I recently celebrated my fourth anniversary as an ambassador of the Blue Ribbon Foundation, a national charity working to raise awareness of male health issues by encouraging men to take positive action to safeguard their health and wellbeing
I was delighted when I was asked by the Foundation Chairman, Jonathan Prince MBE to become an ambassador for the charity and I’m very proud of my involvement with the Blue Ribbon Foundation and of the role I’ve played in establishing the charity’s important relationships in football, the industry that I worked in for 25 years. Firstly with the Charlton Athletic Community Trust (CACT), the UK’s largest football related charity, which has seen the Foundation working closely with CACT’s renowned health programme in the Royal Borough of Greenwich and secondly, the link with Ebbsfleet United FC which has seen the foundation support the Club’s work within the Gravesham community since 2013.
Unfortunately it is a sad fact of life that men, unlike women, are less willing to monitor their own health, take note of changes or potential problems and then discuss those issues with their family or friends let alone doctors or medical advisors. Perhaps there is a belief that if signs and symptoms are ignored, they will go away – ‘‘it will be better in the morning…’’. Or maybe some consider it is not ‘macho’ to keep bothering GPs about little aches, pains, lumps and bumps or perhaps feel that they are too busy and ‘‘haven’t got the time to go to the doctor’s’’. How many of you are nodding in agreement to yourself as you read this?
It was against this reality backdrop that the ‘Blue Ribbon Foundation’ was established by the same people behind the highly successful ‘Pink Ribbon Foundation’ which, as you probably know, does fantastic work in promoting breast cancer awareness and in funding those UK charities which relieve the needs of people who are suffering from, or who have been affected by, breast cancer or who work to advance the understanding of breast cancer, its early detection and treatment.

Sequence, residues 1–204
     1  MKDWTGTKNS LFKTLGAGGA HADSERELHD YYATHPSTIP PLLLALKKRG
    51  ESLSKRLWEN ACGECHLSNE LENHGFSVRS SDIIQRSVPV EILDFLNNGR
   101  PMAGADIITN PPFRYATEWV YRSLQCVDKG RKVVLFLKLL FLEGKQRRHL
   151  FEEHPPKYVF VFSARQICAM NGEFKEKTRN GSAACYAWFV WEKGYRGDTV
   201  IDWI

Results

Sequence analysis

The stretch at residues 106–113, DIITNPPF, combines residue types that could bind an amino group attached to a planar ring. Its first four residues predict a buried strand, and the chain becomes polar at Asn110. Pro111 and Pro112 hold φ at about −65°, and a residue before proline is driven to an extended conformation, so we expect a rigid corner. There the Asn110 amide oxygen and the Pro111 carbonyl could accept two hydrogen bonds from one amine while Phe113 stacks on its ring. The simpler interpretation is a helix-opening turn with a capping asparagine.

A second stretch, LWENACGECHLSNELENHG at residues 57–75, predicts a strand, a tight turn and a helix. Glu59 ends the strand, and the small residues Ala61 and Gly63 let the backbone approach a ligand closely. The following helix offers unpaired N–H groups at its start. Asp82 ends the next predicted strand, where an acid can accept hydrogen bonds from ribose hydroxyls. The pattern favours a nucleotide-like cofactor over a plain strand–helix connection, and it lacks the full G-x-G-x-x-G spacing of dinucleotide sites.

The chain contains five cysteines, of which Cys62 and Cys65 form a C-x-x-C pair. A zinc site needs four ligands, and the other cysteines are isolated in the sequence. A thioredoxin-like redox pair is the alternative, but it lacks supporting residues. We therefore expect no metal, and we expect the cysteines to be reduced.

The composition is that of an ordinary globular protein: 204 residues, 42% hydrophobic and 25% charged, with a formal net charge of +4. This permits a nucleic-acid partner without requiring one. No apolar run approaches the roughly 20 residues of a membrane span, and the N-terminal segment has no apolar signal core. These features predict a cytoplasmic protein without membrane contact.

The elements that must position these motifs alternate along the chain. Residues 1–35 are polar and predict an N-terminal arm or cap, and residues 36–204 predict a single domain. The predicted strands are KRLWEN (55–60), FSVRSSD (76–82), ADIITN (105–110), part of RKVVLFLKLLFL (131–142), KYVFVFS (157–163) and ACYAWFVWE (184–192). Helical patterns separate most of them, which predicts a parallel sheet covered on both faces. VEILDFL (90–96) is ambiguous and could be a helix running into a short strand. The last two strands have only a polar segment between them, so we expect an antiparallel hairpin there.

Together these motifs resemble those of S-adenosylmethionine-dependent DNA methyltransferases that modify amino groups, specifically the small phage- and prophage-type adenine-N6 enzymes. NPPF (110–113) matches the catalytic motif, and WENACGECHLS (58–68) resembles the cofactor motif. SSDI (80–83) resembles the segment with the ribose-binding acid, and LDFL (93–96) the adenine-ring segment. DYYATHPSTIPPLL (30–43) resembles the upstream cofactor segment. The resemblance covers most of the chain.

Ignoring any health concerns of any individual, male or female, can have a devastating effect on lots of people. Burying heads in the sand and hoping things will improve by themselves is not an option!
I have long believed that football and sport in general can play a huge role in promoting health awareness issues as, for all the reasons I’ve already mentioned, we men are not suddenly going to take ourselves off to the doctor’s or health centre but what is proven is that we will go and have our blood pressure and cholesterol levels checked with our mates at a health road show held inside a football ground on a match day. This is something we’ve done regularly at Charlton Athletic and Ebbsfleet United.
Of course, I appreciate that supporters don’t go to a football match to have someone lecture them on their lifestyle or to worry them unnecessarily about their health issues – supporting a football team can be stressful enough without having to put up with that as well! However, if a matchday health promotion makes just one supporter either think more about their health and/or go and speak to a doctor about their concerns, then it’s job done.
Finally I’ll leave you with this thought; if you felt that your car was not performing as it should, that it felt ‘wrong’, the engine sounded ‘strange’ or the brakes felt ‘spongy’, you’d take it to a mechanic to check it over, wouldn’t you? All we, at the Blue Ribbon Foundation are asking is that men apply that same thought process to their own well being.
Makes you think, doesn’t it…